I followed him into the sitting area. They must have had someone in to decorate, I thought. Art and artefacts from many different planets were displayed in large cases on the wall. The plants behind the couch were lit from below, giving an inviting feel to the room. Music played very low, adding to the ambiance. Our quarters felt cold and sterile in comparison. I sighed. I guess I should try and do something about it.
“I want to thank you for your time, Jayden,” the commander said. He was still in his blue-and-black uniform. Everyone believed it’s all he ever wore.
I bowed my head slightly to acknowledge him. “There’s just one thing, Commander.” I swallowed nervously. “Isn’t there anyone better suited for this task?”
He shot me a glance, and I immediately regretted my boldness.
“I wasn’t questioning your choice.” I wrung my hands behind my back, trying to keep my cool. Learn to think before you open your mouth, Mother had often suggested. I cleared my throat. “It’s just that there are others that are older and have more knowledge . . .” My voice trailed off.
“Sit,” the commander pointed to the living room area. There were already glasses filled with refreshments on the table, and small things to eat. They looked like mushy brown blobs on thin disks. The commander picked one up. “They are ‘hors d’œuvres.’ Tommy prepared them for us.” He popped it into his mouth, chewing slowly.
Trying to be polite, and against my better judgement, I picked one up. I tried not to look at it as I put it in my mouth. It smelled and tasted so good, I wanted to eat them all. I realised that Tommy and his father were both were staring at me. I panicked. “Are there animal products in here?” I felt nauseous. I had heard that the people on Tommy’s planet still ate animals like savages.
They both laughed. “No,” Tommy said. “My mother would never have let me eat meat, but there is cheese.” He looked right at me. “Mom made it.”
“Jayden,” the commander cut in, “I have specifically requested that you help Tommy with his integration.” He tugged on his uniform top to adjust it. “You were correct in saying that there are others who have more knowledge or who are older, but they lack your,” he rubbed his chin, “boldness.”
I could feel my face turning red. I wasn’t sure how to answer. I do know that if anyone else had said that to me I would have been all over them.
“You will not tell my son things just to, shall I say, be polite,” he continued. He paused for a sip of his drink. “You are ahead in your studies, so from now until further notice you will spend school time teaching Tommy.” He handed us both a digipad. It was the same flat, touch-screen computer with holographic images the crew used. “I have prepared a list of subjects to be covered. You are free to modify the order as long as all subject matter is covered.”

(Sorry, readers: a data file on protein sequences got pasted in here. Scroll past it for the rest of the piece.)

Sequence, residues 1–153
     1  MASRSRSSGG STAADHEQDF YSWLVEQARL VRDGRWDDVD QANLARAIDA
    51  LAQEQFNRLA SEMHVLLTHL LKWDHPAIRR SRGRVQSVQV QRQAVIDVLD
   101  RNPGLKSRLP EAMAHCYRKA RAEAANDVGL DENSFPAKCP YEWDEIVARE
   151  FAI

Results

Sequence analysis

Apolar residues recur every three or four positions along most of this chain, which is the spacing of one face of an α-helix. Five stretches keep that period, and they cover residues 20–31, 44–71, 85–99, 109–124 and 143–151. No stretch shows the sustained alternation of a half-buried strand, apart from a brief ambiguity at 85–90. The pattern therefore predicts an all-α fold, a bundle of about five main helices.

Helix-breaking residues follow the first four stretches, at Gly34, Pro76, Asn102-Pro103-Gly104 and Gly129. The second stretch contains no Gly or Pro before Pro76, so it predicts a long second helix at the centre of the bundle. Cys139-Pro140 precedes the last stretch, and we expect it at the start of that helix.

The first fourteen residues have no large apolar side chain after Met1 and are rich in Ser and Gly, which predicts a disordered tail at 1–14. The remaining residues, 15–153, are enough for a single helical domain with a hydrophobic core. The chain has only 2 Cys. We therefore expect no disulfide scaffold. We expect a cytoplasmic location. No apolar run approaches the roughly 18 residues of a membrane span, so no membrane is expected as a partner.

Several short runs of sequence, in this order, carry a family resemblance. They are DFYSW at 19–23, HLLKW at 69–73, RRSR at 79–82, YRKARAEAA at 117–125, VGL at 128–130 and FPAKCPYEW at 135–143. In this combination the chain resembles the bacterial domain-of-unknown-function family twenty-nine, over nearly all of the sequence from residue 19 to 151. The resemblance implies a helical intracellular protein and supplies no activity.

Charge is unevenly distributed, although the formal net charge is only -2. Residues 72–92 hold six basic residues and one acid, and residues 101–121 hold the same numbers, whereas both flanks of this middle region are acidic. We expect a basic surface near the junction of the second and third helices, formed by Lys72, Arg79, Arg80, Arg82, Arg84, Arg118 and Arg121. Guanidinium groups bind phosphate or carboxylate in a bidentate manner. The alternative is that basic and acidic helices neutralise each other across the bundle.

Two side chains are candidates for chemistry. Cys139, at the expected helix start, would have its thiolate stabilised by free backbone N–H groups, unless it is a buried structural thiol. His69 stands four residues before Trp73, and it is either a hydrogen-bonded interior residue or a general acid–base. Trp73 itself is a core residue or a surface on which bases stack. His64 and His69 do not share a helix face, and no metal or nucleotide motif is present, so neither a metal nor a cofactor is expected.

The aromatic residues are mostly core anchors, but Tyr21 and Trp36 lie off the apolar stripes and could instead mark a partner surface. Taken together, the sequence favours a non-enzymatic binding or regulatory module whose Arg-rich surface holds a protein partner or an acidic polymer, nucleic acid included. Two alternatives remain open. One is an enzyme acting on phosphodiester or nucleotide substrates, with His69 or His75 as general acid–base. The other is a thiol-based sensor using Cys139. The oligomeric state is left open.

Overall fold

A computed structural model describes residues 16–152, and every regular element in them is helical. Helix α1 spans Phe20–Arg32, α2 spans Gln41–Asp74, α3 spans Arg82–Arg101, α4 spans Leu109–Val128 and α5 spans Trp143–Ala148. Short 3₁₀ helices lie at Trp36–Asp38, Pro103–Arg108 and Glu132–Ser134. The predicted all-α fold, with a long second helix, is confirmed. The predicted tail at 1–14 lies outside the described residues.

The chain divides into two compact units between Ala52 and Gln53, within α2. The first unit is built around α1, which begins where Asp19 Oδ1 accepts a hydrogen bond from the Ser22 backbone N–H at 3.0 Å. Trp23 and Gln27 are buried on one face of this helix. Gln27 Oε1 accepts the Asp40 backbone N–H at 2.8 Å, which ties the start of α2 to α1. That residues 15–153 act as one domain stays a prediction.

I scrolled through the list. Wow, I thought, he didn’t leave anything out. I looked up to see the commander showing Tommy how to access his list. “You don’t even know how to use this?” I blurted out and immediately regretted it. “I’m sorry.” I stared down for a moment feeling really uncomfortable. I just knew they were both staring at me. I swallowed hard and looked up. Tommy was going over his list, but the commander was studying me, making me even more uncomfortable.
“Perhaps,” the commander started, “you will also benefit from this exercise.” He stood and headed to the dining area. “You are to be seated in fifteen minutes for dinner.”
“I’m—” I started to say, but Tommy cut me off.
“Don’t sweat it,” he said in a low voice.
I had no idea why he would talk about perspiration, unless I had started to smell. I wasn’t about to smell myself in front of him. I fidgeted not knowing what to do.
Tommy laughed softly, leaned forward and said, “It’s an expression. It means don’t worry about it.”
“Oh.” This is not going to be easy I thought to myself. I guess I have things to learn, too.
I came away from my afternoon with mixed feelings. I learned that the half-breed and I had more in common than I ever thought possible. We both had lost our mothers, and from what he said, they had been a lot alike. They had both loved nature, making things with their hands and cooking. What made me kind of jealous was that he didn’t have my stubborn streak and had learned so much from his mother.
When he offered to share what his mother had taught him I yelled at him. I told him I didn’t need to learn the ways of his savage people, that we, from Sirius were a more advanced race than the Earthers. Truth is, I would like to spend time with the half—, with Tommy. I think we might be friends. But then, I don’t really need anyone new in my life. I’ll have to think about it.